Thanks, that helps! I haven't had as much need for the non DI stuff in my current experimentation so I hadn't seen a lot of what you were talking about.

I appreciate your writing on this site--I learn a lot!

Reply to this Comment

@Jim,

No problem. Most of the non-DI scope usage seems to be inside of Directives; so, if you're just getting into AngularJS, and use the native directives, you'll probably be using "$scope" most of the time.

Hit me up if you have any AngularJS questions - I love it.

Reply to this Comment

Hi Ben, like Jim that contextual example really helps me better understand the differences. I tend to just put $scope everywhere I need a binding to the view. Not ideal, but still early days for me.

Reply to this Comment

@Pete,

The only different is mindset, I suppose. A variable name is a variable name is a variable name. As such, using "$scope" everywhere won't have any negative impact on the script. For me, I just realized that using it uniformly was a symptom of my own incomplete mental model.

So, I guess it's just personal preference.

Reply to this Comment

Is there any analogy for $scope and scope in Java. I am new to AngularJS, and I want to get clear ideas about the difference between them.

Reply to this Comment

@Jaasir,

Do you mean "JavaScript" (instead of "Java")? Maybe I am not sure what you are asking.

@Reza,

Glad this was helpful!

Reply to this Comment

I meant any kind of analogy, language is not a matter. I need some relevance with already existing thing to understand it better.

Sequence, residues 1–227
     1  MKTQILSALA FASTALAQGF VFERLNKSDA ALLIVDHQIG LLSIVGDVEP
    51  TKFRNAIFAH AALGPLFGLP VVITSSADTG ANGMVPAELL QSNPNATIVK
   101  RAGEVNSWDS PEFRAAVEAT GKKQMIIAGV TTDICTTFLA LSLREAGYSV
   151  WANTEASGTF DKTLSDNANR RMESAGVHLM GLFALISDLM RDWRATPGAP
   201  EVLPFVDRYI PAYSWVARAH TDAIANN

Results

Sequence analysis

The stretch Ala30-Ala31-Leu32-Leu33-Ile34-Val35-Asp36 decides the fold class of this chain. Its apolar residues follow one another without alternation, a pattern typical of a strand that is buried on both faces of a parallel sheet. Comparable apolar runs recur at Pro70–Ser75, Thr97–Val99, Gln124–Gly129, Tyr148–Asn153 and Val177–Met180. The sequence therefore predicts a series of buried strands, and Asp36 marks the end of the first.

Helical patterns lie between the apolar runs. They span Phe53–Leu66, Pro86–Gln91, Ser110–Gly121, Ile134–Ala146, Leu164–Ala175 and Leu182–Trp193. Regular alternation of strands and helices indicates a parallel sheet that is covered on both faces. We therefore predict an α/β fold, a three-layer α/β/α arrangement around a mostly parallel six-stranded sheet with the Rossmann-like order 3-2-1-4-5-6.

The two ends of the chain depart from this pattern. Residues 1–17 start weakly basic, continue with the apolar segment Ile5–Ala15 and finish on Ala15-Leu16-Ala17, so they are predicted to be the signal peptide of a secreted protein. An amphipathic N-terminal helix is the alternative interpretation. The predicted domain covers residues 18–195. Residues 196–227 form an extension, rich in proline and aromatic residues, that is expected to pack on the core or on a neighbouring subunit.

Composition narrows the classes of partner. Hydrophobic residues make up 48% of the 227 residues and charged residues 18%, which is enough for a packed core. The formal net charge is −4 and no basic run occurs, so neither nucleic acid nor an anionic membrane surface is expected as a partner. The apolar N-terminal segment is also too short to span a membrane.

Reply to this Comment

when you say scope is always passed as a positional argument, what is the main difference between $scope vs scope

does link scope refer to parent controller $scope if isolated scope is not defined.

I am using a directive to perform two way binding on user input it does not work,. is there something wrong in here

mymodule.controller("MyController", ["$scope", function ($scope){
// code here //
$scope.customer =
{
name: "Rahul",
occupation: "Web Developer",
city: "Bengaluru"
}
}]);
mymodule.directive("update", function(){

return {
restrict: 'E',
link:function(scope, elm, attr) {

scope.textValue = "AngularJS"; // this value is not updating
},
template: "<h3>Here we are using two way binding</h3>"
};
});

///////////////////HTML/////////////////////////
<div>
<p>Using custom directive value of input field should update on div when user enters</p>
<input type="text" ng-model="textValue" />
<update></update>
</div>

Appreciate your request

Reply to this Comment

when you say scope is always passed as a positional argument, what is the main difference between $scope vs scope

does link scope refer to parent controller $scope if isolated scope is not defined.

I am using a directive to perform two way binding on user input it does not work,. is there something wrong in here

mymodule.controller("MyController", ["$scope", function ($scope){
// code here //
$scope.customer =
{
name: "Rahul",
occupation: "Web Developer",
city: "Bengaluru"
}
}]);
mymodule.directive("update", function(){

return {
restrict: 'E',
link:function(scope, elm, attr) {

scope.textValue = "AngularJS"; // this value is not updating
},
template: "<h3>Here we are using two way binding</h3>"
};
});

///////////////////HTML/////////////////////////
<div>
<p>Using custom directive value of input field should update on div when user enters</p>
<input type="text" ng-model="textValue" />
<update></update>
</div>

Appreciate your request

Reply to this Comment